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(Original article by Thomas de Waal at Foreign Policy...)

"Twenty years ago, 15 new states emerged from the wreck of the Soviet Union, uneven shards from a broken monolith. One story turned into 15. Most Soviet watchers have been struggling to keep up ever since. How to tell these multiple stories?

In retrospect, it is evident that Western commentators failed to predict or explain what has happened to these countries: their lurches from one crisis to another, weird hybrid political systems, unstable stability.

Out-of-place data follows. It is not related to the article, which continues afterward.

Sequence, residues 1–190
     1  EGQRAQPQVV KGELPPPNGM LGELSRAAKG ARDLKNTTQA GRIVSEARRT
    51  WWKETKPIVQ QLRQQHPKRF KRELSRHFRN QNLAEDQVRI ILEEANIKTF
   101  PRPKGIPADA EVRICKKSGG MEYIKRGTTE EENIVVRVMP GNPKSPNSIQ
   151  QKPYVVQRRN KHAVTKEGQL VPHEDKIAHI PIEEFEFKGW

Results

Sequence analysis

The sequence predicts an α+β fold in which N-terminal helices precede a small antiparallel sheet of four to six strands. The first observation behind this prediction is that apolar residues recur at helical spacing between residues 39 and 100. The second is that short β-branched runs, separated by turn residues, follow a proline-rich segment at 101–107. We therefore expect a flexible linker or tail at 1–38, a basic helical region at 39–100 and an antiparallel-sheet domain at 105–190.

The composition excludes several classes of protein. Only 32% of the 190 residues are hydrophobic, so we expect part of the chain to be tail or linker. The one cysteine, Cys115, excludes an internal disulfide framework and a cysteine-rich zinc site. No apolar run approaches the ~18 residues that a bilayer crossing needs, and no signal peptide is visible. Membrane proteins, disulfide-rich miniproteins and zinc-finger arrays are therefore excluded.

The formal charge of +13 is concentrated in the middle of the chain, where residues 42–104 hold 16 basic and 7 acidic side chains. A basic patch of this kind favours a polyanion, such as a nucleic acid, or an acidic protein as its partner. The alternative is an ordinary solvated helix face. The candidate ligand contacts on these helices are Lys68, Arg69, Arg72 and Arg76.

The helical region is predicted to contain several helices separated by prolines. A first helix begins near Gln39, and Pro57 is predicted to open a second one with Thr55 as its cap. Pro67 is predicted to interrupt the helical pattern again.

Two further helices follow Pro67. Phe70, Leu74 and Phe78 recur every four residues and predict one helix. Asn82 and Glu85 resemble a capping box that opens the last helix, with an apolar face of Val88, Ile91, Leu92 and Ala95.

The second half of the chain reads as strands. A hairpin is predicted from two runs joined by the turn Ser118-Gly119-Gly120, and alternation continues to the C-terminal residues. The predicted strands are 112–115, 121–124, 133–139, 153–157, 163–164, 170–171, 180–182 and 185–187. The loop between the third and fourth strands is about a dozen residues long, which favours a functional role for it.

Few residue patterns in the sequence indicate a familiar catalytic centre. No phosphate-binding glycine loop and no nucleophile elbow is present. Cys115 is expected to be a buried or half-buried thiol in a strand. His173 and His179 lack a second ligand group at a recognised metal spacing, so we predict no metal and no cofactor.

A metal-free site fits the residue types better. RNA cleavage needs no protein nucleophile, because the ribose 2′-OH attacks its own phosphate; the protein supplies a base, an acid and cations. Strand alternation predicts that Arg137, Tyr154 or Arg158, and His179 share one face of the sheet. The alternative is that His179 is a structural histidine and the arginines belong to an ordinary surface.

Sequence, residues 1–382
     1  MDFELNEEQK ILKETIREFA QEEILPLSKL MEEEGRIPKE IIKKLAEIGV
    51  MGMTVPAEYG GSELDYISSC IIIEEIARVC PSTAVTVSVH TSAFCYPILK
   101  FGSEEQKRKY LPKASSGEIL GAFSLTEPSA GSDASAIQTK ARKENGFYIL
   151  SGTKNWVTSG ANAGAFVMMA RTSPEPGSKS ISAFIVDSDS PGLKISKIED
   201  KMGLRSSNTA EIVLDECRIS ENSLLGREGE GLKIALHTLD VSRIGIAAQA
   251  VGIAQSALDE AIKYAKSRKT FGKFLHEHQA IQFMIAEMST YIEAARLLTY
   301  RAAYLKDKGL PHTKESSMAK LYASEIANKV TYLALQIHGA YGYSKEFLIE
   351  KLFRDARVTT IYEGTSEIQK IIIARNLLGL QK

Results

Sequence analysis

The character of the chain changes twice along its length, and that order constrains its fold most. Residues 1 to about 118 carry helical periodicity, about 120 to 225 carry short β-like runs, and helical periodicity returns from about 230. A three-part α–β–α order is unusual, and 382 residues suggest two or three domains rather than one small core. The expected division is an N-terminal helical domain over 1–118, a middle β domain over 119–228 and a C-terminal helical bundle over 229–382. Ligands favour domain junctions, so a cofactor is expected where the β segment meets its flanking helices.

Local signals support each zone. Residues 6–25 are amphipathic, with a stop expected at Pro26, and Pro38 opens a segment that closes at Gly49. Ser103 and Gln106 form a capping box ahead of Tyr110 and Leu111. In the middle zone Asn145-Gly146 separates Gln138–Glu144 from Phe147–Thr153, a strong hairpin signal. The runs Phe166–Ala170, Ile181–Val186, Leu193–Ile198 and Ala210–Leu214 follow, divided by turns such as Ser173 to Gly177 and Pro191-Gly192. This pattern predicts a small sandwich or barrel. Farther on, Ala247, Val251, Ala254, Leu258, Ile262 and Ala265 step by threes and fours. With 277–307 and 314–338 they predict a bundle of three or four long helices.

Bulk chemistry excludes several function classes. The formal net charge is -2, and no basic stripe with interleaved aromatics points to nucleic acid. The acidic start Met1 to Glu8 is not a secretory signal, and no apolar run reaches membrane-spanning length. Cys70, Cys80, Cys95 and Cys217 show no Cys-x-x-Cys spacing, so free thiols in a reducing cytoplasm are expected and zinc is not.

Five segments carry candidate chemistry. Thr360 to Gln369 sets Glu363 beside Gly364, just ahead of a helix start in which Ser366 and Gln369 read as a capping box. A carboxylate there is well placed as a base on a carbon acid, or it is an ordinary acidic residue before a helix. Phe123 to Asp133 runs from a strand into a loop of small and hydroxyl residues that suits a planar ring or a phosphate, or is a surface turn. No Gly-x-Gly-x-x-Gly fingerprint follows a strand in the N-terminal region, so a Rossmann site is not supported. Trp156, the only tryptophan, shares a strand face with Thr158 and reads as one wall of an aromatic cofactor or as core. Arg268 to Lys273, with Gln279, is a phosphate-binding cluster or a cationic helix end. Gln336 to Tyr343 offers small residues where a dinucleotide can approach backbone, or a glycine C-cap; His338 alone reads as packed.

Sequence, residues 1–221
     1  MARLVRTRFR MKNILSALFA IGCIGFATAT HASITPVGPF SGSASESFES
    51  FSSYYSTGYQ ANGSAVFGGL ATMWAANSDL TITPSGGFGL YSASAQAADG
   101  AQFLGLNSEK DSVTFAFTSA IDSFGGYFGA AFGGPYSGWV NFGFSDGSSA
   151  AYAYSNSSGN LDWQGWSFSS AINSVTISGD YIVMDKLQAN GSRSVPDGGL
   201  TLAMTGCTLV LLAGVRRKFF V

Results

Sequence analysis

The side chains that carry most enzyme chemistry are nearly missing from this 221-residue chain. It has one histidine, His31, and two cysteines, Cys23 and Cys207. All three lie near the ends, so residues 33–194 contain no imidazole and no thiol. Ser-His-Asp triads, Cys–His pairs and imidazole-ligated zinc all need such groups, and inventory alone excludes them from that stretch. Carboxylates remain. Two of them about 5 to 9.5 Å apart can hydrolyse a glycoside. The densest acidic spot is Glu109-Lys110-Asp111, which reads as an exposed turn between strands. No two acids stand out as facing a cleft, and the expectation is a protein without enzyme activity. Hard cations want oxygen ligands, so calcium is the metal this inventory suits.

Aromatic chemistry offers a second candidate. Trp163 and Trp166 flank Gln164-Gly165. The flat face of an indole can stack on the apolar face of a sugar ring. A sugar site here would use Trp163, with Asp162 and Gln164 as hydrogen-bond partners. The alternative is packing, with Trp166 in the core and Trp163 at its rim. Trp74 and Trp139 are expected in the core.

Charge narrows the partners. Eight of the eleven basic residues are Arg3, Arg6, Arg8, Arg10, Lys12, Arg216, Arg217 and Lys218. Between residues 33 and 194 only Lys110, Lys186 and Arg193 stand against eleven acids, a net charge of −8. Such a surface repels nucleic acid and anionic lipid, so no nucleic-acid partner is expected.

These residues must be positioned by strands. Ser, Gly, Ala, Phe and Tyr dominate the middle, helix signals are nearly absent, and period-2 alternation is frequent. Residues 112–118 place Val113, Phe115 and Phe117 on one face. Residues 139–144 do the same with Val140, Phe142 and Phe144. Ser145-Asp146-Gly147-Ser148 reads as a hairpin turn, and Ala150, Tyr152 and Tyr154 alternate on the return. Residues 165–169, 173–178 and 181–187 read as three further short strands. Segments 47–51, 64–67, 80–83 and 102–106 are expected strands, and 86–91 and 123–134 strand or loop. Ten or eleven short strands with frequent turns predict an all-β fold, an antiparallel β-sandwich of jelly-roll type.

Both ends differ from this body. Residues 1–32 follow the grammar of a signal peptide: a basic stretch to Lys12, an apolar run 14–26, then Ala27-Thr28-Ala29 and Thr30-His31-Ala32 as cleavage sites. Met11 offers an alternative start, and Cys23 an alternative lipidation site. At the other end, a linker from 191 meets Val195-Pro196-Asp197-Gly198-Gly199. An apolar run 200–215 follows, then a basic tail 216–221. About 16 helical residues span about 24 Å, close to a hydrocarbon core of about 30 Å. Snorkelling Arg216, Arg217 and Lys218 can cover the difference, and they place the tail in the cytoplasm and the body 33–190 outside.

Commentators have long tried to project models from the rest of the world ("transition to a market economy," "evolution of a party system") onto countries that have very different histories and cultural assumptions from the West and often from each other. I have read about Russian Prime Minister Vladimir Putin's "ethnocentric patriotism," his "delegative democracy trap," and his building of a "neo-patrimonial state" -- all very intelligent stuff. What I take away from such jargon is a nicely constructed model or two (for both Putin and the political scientists), but not the insights I seek into a living society.

So here is a not entirely frivolous suggestion: How about skipping the political science textbooks when it comes to trying to understand the former Soviet Union and instead opening up the pages of Nikolai Gogol, Anton Chekhov, and Fyodor Dostoyevsky..?"


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